BY SCIENCE DAILY: New research links outdoor air pollution — even at levels deemed safe — to an increased risk of diabetes globally, according to a study from Washington University School of Medicine in St. Louis and the Veterans Affairs (VA) St. Louis Health Care System.
BY MATT HOFFMAN: Tim Dunn, PhD, the director of clinical and computational research at Abbott Diabetes Care, sat with MD Magat the American Diabetes Association’s 78th Annual Scientific Session to discuss the benefits the Freestyle Libre continuous glucose monitoring system (CGM) provides for both the patients and providers.
The system, approved by the US Food and Drug Administration in September 2017, reduces the requirement of “fingerstick” testing, where patients with diabetes would be required to prick their fingers to gather a blood glucose sample. The system uses a small sensor wire that is inserted below the surface of the skin and continuously monitors and measures levels. (read more)
BY ROBERT PREIDT: Human insulin is as safe and effective as newer, more expensive insulin analog drugs for people with type 2 diabetes, researchers report.
The new study included people with type 2 diabetes who were followed for an average of 1.7 years after they started using insulin.
“We found that for patients with type 2 diabetes in usual practice, the use of the more expensive insulin analogs did not appear to result in better safety — at least as defined by hospital or emergency visits for hypoglycemia — or better blood sugar control,” said lead author Dr. Kasia Lipska. She is an assistant professor of medicine at Yale School of Medicine. (read more)
BY NEWS-MEDICAL: Self-monitoring of type 2 diabetes used in combination with an electronic feedback system results in considerable savings on health care costs especially in sparsely populated areas, a new study from the University of Eastern Finland shows.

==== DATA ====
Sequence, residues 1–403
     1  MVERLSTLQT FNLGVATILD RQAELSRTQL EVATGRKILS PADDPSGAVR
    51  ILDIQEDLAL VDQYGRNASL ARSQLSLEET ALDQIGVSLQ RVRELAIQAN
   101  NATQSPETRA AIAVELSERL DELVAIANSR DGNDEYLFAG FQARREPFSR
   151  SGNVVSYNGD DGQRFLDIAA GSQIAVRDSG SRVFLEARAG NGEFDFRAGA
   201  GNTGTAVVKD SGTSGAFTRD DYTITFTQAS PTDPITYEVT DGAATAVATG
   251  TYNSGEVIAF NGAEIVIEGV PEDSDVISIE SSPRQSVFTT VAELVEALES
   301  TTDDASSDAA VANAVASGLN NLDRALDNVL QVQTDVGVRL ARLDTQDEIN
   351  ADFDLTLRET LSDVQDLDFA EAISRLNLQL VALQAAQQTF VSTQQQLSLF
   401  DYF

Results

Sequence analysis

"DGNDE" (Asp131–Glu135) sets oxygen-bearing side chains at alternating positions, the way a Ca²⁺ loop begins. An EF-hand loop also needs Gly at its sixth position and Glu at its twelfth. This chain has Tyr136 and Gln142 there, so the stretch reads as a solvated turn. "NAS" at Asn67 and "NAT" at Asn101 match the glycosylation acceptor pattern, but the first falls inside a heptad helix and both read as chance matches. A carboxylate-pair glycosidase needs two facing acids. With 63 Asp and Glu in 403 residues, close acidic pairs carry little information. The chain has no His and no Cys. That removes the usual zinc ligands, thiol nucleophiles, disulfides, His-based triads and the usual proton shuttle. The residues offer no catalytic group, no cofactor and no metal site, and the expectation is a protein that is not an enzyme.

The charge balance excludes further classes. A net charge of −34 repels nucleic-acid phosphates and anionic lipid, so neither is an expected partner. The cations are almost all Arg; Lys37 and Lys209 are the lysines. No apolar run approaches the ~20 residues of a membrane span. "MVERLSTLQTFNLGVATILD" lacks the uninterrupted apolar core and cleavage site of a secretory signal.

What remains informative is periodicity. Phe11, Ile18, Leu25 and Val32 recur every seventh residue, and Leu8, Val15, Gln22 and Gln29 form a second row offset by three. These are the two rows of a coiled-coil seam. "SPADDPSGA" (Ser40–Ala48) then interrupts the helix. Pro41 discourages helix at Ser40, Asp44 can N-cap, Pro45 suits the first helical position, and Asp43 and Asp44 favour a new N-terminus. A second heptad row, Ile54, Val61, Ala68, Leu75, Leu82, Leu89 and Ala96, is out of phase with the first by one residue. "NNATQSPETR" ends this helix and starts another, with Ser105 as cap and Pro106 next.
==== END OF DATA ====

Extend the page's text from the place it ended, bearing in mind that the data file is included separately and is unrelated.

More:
Self-monitoring delivers considerable savings on the overall costs of type 2 diabetes care, as well as on patients’ travel costs. Glycated hemoglobin testing is an important part of managing diabetes, and also a considerable cost item. By replacing half of the required follow-up visits with self-measurements and electronic feedback, the annual total costs of glycated hemoglobin monitoring were reduced by nearly 60 percent, bringing the per-patient cost down from 280 EUR (300 USD) to 120 EUR (130 USD). (read more)
BY JACK WOODFIELD: Pioneering artificial intelligence (AI) and radar technology has been shown to help people with diabetes manage their blood sugar levels.
The technology uses high-frequency radio waves to monitor blood sugar levels without the need for finger pricking. In a study by the University of Waterloo, the technology was 85% accurate in detecting glucose changes.
This innovative approach could potentially transform how millions of people monitor their blood sugar levels in the future.
The radar device was developed by Google and German hardware company Infineon. It works by sending frequency waves into liquids that contain different levels of glucose. The radio waves then reflect back to the radar device where the data is converted into digital data. This is then analysed using AI technology. (read more)